That’s interesting. And did you do a lot of snacking too? I imagine throughout the day,

1 (13m 53s):
Anytime I wanted to, that was, that was like, Oh yeah, I forgot about had this year. Oh, let me have that. And you know, bored, snacking.

0 (14m 1s):
How did it affect you? You know, what were you doing? Were you still training at the time? What were you doing at, I imagine it affected your motivation to do other things.

1 (14m 12s):
Yeah. And I actually, a lot of people don’t know this, but it had a full-time job in the medical field during the process. I was a part-time personal trainer. So yeah. So for me, yeah, I would have to work in the hospital sometimes and hospitals are full of junk food. To be honest with you, like there’s no healthy food, the doctors and the nurses,

0 (14m 32s):
It’s sad that, you know, that it said, you know, they’ll tell you to go have like ensure. And I remember my dad bought insure and I look at the label. I go, wow. I go, I can’t even do this to you. Yeah. Hospital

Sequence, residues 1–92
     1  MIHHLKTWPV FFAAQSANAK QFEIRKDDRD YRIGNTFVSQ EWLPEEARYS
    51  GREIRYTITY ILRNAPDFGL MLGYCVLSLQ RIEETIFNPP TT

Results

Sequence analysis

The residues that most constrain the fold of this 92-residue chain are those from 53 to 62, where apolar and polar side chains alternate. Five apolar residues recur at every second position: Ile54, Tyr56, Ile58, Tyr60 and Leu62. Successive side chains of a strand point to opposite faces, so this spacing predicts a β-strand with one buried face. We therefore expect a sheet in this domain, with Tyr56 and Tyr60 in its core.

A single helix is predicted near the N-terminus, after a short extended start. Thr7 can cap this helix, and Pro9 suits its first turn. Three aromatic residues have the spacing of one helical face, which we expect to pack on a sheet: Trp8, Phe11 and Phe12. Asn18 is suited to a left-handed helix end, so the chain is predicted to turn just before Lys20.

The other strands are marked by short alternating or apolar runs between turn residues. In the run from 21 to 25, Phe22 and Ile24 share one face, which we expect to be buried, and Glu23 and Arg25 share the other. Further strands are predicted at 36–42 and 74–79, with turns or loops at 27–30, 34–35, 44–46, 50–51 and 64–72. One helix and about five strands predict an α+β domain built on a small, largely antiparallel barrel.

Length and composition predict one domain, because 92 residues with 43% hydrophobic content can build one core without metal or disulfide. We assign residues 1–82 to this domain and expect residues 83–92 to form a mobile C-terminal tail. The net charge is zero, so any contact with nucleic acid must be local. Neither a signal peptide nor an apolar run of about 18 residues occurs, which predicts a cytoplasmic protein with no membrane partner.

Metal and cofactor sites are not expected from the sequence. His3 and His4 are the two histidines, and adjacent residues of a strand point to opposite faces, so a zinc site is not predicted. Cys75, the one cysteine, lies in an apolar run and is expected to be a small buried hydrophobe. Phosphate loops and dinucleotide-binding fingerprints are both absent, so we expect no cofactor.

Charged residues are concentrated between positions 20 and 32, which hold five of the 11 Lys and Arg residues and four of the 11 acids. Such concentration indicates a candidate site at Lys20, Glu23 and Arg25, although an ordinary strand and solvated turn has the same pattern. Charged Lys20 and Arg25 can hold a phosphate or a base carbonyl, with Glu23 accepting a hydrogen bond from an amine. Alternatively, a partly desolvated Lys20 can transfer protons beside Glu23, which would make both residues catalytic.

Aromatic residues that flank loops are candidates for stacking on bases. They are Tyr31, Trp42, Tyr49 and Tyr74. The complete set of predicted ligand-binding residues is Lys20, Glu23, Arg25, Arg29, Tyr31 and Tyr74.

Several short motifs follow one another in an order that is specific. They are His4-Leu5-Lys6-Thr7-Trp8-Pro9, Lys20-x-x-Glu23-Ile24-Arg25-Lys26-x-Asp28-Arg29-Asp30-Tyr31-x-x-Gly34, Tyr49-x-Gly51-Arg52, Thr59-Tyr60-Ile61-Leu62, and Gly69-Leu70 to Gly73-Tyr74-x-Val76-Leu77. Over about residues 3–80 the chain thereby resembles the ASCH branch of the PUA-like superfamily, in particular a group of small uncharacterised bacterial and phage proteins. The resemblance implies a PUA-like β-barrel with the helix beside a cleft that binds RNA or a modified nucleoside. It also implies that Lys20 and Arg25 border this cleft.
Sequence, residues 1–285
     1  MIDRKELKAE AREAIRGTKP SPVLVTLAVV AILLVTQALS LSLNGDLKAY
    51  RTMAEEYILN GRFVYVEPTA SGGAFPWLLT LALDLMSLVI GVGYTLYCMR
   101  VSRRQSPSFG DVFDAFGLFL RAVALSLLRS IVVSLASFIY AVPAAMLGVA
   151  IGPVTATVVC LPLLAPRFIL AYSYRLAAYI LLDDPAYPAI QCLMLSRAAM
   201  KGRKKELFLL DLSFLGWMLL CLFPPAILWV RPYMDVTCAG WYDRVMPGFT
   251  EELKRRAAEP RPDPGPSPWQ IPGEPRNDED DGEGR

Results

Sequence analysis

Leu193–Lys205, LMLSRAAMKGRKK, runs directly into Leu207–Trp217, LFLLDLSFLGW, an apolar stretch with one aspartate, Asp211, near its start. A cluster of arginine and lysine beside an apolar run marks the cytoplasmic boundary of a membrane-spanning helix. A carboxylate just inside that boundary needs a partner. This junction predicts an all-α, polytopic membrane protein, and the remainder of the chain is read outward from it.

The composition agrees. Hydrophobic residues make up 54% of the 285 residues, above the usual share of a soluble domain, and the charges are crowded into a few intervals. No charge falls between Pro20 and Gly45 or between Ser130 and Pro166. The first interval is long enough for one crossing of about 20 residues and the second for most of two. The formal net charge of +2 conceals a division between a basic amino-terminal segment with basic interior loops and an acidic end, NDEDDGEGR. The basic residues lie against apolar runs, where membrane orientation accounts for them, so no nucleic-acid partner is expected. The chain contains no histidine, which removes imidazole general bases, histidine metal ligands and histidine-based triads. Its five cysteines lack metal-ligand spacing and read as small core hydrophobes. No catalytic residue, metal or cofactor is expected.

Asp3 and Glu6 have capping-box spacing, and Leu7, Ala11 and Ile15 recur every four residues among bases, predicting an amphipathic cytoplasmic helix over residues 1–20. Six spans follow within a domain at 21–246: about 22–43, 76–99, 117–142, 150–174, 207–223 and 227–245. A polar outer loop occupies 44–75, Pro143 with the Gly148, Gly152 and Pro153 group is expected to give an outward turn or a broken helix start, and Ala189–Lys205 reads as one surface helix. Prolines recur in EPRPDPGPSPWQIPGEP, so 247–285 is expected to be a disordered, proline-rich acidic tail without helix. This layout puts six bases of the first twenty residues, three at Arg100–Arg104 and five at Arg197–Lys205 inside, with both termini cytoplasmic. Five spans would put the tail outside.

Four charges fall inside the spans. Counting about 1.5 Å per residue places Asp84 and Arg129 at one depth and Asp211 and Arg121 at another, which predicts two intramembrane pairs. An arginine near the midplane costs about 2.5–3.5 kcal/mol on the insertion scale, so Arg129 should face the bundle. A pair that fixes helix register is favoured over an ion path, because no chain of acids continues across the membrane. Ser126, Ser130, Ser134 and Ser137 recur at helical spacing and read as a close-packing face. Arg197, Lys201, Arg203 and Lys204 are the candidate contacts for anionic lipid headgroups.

1 (14m 44s):
It’s bad. It’s bad. There’s really bad. And that’s the thing is like, this is a place of healing, but America really hasn’t really grasped that it starts with food or health starts with food. We’re all about medicine and prescriptions and putting a bandaid on these issues instead of like, all right, where do these issues STEM from? Oh, diet exercise lifestyle. No one wants to change that though. So we’ve adopted this culture was like, no one wants to change that. So let’s just give them all these pills, but not have them live longer, have them get, you know, into the system where they have to pay, you know, huge medical bills. And, and then there’ll be dependent on that for the rest of the life.